The effects of disruptive technology on project interdiction
Adduce, Timothy L.
Carlyle, W. Matthew
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We model a project network that uses common methods of improvised explosives and metallic liner manufacture for the purposes of constructing anti-armor IEDs. Separately, we model a network utilizing advanced 3D printing technology for the same ends. We then introduce an interdiction extension to both project models. By utilizing decision critical path method models, we examine the differences in the critical paths of both project networks. Our finding of note is that the length of the network employing advanced 3D printing technology is significantly shorter, even after the attacker's interdiction efforts. Because the length of the critical path of this network remains significantly shorter, advanced 3D printing technology can be considered to be a disruptive technology. This flexible modeling can be rapidly implemented when future technological black swans appear. This modeling provides decision makers with clear, quantitative analysis and can be used to drive future intelligence and capability requirements, as well as to inform potential policy responses.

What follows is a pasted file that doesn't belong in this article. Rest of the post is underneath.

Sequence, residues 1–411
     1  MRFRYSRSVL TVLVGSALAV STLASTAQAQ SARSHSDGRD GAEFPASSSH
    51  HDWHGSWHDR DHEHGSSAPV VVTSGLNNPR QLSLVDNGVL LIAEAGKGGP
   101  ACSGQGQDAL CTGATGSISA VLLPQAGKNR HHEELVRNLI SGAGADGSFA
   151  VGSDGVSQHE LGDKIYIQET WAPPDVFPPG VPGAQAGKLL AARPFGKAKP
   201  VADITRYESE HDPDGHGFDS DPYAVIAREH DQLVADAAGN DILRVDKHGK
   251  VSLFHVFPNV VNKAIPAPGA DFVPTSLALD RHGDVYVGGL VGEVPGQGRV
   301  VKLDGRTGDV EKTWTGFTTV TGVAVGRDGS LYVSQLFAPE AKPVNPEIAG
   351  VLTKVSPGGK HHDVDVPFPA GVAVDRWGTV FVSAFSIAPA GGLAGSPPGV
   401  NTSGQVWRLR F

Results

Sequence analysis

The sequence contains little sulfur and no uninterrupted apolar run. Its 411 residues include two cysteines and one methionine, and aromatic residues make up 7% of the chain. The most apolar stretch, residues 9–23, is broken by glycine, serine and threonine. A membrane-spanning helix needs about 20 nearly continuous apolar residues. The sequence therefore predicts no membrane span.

RightsThis publication is a work of the U.S. Government as defined in Title 17, United States Code, Section 101. Copyright protection is not available for this work in the United States.
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